AMERICAN BOTTOM CONSERVANCY v. U.S. ARMY CORPS OF ENGINEERS (June 14, 2011)

Waste Management of Illinois, Inc. operates a landfill near Madison, Illinois. The landfill is just southwest of the Horseshoe Lake State Park. Waste Management wants to build a second landfill even closer to the park. In order to do so, it wants to destroy approximately 18 acres of wetlands. Waste Management has applied to the Illinois Environmental Protection Agency for a permit to build the landfill. That application is pending. Waste Management also applied to the Army Corps of Engineers for a permit to destroy the wetlands. That permit was granted on the condition that Waste Management create twice as many wetlands as they destroy. American Bottom Conservancy, an environmental group, brought suit challenging the permit. Judge Murphy (S.D. Ill.) dismissed the suit on the grounds that the Conservancy failed to establish standing. The Conservancy appeals.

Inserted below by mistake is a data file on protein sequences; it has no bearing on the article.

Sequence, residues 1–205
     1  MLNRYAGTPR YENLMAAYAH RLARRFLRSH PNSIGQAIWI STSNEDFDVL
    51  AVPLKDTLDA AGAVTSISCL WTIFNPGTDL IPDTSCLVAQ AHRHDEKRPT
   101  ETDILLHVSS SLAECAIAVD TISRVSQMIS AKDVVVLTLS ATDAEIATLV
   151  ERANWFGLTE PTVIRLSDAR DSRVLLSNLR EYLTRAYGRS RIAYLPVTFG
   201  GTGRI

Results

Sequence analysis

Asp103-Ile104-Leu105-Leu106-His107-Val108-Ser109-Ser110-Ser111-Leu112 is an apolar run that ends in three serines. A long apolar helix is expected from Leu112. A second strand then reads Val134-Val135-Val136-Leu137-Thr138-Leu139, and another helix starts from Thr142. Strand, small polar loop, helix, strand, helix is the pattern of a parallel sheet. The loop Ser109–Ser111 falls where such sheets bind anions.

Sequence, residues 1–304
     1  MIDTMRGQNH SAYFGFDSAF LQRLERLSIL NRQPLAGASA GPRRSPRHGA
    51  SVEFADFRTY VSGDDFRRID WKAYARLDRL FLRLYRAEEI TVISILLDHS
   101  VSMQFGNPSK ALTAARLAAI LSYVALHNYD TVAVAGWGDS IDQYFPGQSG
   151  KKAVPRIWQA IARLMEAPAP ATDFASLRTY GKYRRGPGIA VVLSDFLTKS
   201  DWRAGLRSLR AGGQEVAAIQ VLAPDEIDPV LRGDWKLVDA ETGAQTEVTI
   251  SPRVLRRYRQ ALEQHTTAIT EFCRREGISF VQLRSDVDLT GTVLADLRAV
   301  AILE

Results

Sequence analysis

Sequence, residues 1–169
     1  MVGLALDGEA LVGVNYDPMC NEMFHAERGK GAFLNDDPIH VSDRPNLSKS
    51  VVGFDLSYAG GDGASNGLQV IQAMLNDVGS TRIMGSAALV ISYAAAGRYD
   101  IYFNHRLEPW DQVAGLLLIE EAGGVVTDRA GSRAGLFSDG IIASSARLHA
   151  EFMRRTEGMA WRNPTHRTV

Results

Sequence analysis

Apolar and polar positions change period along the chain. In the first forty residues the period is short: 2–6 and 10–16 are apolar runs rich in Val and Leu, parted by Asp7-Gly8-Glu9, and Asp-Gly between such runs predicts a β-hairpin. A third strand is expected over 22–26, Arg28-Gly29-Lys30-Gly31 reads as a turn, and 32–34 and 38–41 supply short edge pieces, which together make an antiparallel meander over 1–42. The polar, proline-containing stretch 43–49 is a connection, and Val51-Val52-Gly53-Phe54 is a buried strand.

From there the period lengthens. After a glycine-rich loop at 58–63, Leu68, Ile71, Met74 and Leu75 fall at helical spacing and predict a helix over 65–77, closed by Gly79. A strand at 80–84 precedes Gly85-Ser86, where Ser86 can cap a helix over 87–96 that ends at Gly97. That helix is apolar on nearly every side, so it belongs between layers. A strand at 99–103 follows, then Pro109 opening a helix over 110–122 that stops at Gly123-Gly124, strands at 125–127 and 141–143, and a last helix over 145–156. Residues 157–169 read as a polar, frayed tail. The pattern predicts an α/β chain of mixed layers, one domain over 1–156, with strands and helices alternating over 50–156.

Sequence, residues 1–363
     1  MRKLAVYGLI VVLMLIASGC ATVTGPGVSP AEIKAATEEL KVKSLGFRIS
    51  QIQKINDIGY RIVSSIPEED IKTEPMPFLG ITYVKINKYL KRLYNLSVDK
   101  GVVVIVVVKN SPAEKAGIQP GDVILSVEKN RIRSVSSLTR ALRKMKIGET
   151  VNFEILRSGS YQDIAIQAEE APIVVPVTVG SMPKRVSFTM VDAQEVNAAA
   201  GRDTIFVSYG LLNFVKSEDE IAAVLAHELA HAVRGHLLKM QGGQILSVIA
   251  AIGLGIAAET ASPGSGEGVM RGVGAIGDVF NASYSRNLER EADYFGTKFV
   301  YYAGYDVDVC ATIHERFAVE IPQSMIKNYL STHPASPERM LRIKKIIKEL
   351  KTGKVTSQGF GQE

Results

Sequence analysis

In their opinion, Circuit Judges Posner and Manion and District Judge Lefkow reversed. The only issue before the Court was standing. To establish standing, a plaintiff must establish that granting the relief sought will avert or mitigate injury to him caused by the defendants. The Conservancy filed affidavits from several of its members who enjoy watching the birds and wildlife in the park, particularly at the southern end near the wetlands. They assert that Waste Management's wetland destruction will adversely affect the wildlife population and, therefore, their enjoyment of the park. The Court concluded that plaintiff’s member’s reduced enjoyment was an injury caused or to be caused by Waste Management. The Court also found that the injury was not implausible. The habitat reduction will likely negatively affect the wildlife population and the replacement wetlands will not be able to support a new wildlife population for some time. If the permit is voided, the wetlands and the wildlife population will be preserved. That is enough to confer standing on the Conservancy. The Court rejected Waste Management's alternative argument to find in its favor on the merits. It an appellee wants a judgment affirmed on an alternative ground, it need not file a cross-appeal. If, however, an appellee wants a judgment changed (here, from a dismissal without prejudice to a dismissal with prejudice), it must file a cross-appeal. Waste Management did not.